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Sahil Kapur

Sahil Kapur is TPM's senior congressional reporter and Supreme Court correspondent. His articles have been published in the Huffington Post, The Guardian and The New Republic. Email him at sahil@talkingpointsmemo.com and follow him on Twitter at @sahilkapur.

Articles by Sahil

House Republicans officially gave Speaker John Boehner (R-OH) their seal of approval on Wednesday to sue President Barack Obama, marking the first time in U.S. history that a chamber of Congress has endorsed a lawsuit against a president.

The House adopted the resolution by a vote of 225-201. Five Republicans joined a unanimous Democratic conference to vote against the measure. They were Reps. Thomas Massie (R-KY), Walter Jones (R-NC), Paul Broun (R-GA), Steve Stockman (R-TX) and Scott Garrett (R-NJ).

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The White House formally threatened to veto House Republicans' border funding supplemental for the child migrant crisis, saying it "could make the situation worse, not better."

The proposal includes $659 million in new funds to speedily process the estimated 57,000 undocumented minors apprehended at the border in recent months. It also makes numerous changes to immigration laws which the White House said would "undercut due process for vulnerable children" and potentially threaten their lives.

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Senate Democrats' emergency funding bill for the humanitarian crisis at the southern border cleared an initial procedural hurdle on Wednesday.

The chamber voted 66-33 to begin debate on the legislation, achieving the 60 needed to break a filibuster and move the bill forward.

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House Budget Chair Paul Ryan (R-WI) on Wednesday blamed President Barack Obama for the recent discussions about House Republicans potentially impeaching him.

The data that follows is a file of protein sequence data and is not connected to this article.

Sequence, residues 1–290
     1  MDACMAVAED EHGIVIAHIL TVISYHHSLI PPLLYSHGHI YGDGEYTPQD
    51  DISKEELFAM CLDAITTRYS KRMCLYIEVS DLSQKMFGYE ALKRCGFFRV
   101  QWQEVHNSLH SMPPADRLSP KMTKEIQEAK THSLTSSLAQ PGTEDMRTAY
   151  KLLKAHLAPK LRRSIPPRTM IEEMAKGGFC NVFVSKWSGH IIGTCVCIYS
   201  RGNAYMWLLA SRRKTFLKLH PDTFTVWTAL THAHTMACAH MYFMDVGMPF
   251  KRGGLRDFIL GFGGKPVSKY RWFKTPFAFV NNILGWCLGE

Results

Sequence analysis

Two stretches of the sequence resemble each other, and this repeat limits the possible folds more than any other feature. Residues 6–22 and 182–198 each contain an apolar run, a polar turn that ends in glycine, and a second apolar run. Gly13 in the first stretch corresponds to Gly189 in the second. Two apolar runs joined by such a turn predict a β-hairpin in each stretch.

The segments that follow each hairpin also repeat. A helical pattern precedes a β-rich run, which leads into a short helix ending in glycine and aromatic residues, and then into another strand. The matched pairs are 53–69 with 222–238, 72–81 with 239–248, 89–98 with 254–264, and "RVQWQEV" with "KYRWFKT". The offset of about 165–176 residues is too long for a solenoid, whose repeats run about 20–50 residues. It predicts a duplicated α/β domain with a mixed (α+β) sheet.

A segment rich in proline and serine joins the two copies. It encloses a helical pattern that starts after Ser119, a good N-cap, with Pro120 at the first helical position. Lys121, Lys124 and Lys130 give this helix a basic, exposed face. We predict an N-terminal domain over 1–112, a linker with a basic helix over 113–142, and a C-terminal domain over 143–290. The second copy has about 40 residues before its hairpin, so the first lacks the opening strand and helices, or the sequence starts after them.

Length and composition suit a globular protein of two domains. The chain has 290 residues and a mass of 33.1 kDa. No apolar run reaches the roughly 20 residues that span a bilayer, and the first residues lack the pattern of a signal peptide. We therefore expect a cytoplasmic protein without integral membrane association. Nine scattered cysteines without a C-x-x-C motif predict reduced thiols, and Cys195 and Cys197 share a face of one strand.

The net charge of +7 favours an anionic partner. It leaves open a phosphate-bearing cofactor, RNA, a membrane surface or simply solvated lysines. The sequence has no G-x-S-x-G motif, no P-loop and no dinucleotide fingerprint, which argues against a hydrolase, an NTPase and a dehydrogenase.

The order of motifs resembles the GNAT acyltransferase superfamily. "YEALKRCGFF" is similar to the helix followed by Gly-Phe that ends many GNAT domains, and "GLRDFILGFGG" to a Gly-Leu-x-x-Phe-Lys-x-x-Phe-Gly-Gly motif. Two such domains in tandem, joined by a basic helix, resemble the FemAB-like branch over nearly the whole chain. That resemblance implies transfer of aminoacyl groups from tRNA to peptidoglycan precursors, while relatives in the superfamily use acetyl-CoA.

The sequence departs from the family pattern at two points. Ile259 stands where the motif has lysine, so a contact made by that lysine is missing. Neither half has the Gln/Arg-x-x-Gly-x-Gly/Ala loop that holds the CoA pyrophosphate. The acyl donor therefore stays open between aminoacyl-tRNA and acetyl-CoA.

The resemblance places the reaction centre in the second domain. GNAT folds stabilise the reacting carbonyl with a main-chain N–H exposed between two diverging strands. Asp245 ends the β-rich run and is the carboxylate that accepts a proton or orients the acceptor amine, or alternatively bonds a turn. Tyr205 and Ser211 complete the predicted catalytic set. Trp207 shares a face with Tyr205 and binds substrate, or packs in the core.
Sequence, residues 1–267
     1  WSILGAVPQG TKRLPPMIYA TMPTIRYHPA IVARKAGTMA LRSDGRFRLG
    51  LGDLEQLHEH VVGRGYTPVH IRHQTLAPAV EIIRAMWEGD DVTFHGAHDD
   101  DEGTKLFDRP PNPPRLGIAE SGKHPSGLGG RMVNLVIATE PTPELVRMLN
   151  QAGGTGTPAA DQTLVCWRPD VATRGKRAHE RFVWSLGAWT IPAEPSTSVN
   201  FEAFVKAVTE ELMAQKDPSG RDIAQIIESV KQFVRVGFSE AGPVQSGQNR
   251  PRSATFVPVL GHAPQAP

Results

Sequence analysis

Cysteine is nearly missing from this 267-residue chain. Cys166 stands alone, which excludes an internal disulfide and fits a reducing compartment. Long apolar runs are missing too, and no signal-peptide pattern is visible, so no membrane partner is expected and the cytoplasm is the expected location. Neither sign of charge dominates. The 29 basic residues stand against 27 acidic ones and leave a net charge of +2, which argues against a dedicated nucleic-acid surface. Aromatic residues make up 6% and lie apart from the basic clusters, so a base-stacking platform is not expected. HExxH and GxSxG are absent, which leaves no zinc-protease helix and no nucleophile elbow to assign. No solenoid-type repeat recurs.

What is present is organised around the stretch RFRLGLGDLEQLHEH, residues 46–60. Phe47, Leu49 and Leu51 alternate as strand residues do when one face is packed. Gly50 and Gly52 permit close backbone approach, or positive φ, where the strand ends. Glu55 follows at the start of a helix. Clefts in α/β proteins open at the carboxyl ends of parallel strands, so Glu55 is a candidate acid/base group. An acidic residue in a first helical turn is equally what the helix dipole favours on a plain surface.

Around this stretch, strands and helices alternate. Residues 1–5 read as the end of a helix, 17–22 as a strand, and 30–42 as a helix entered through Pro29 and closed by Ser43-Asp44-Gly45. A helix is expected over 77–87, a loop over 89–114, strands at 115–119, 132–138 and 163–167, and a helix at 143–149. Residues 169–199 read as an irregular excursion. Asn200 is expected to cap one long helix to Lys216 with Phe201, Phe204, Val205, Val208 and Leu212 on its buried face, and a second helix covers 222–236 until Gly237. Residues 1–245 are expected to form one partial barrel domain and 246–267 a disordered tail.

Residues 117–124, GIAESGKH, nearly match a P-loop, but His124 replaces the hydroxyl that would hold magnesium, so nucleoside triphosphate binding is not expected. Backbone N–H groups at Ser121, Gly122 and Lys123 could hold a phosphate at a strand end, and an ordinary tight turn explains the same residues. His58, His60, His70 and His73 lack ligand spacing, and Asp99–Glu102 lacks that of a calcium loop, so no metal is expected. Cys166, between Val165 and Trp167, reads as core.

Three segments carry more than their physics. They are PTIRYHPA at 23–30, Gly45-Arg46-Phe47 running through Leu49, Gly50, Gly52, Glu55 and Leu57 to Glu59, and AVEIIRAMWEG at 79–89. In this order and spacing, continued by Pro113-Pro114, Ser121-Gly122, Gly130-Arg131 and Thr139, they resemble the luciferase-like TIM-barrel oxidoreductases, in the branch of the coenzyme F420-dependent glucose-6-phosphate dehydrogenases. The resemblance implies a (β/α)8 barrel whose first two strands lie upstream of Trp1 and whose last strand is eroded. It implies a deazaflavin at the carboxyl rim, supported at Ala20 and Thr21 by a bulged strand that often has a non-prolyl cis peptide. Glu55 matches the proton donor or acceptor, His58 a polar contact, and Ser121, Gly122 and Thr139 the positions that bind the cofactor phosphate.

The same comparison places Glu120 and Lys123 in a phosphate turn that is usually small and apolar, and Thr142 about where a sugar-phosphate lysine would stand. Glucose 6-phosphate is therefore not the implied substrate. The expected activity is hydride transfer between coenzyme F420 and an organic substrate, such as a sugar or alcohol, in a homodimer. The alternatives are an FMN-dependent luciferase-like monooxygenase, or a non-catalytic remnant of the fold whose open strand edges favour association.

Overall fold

"I see this sort of a ridiculous game by the president and his political team to try and change the narrative, raise money and turn out their base for an upcoming election that they feel is not going to go their way," Ryan told reporters at a Washington breakfast hosted by the Christian Science Monitor. "And I'll just leave it at that."

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In a bit of political gamesmanship, Senate Majority Leader Harry Reid floated the idea of using the House GOP's border supplemental bill as a vehicle to enact comprehensive immigration reform.

"Well, if they pass that, maybe it's an opening for us to have a conference on our comprehensive immigration reform bill. They're finally sending us something on immigration; maybe we could do that," the Nevada Democrat told reporters on Tuesday.

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The White House fired back at Speaker John Boehner on Tuesday after the Republican told reporters that talk of impeachment is a "scam" by Democrats to raise money and gin up their base.

"Well if that's the case then I suspect that there may be members of the Republican conference that didn't receive the memo," White House spokesman Josh Earnest told reporters at his daily briefing, proceeding to rattle off a list of Republicans who have floated impeachment.

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President Barack Obama's promised executive actions on immigration are shaping up to put Speaker John Boehner in a bind between the passions of his conservative base and the GOP's long-term viability as a national party.

Some staunch conservatives are hopping mad and already floating impeachment over it — but could that actually spur House GOP leaders to do it?

The White House insists it might. Democrats are giddily fundraising off the notion of imminent impeachment, which Boehner calls a "scam," repeating that the House has no plans to go down that road. But the question political scientists and strategists are mulling is whether Obama's executive move, which is expected to shield millions of undocumented immigrants from deportation, could actually inflame the GOP base enough to push Boehner down that path.

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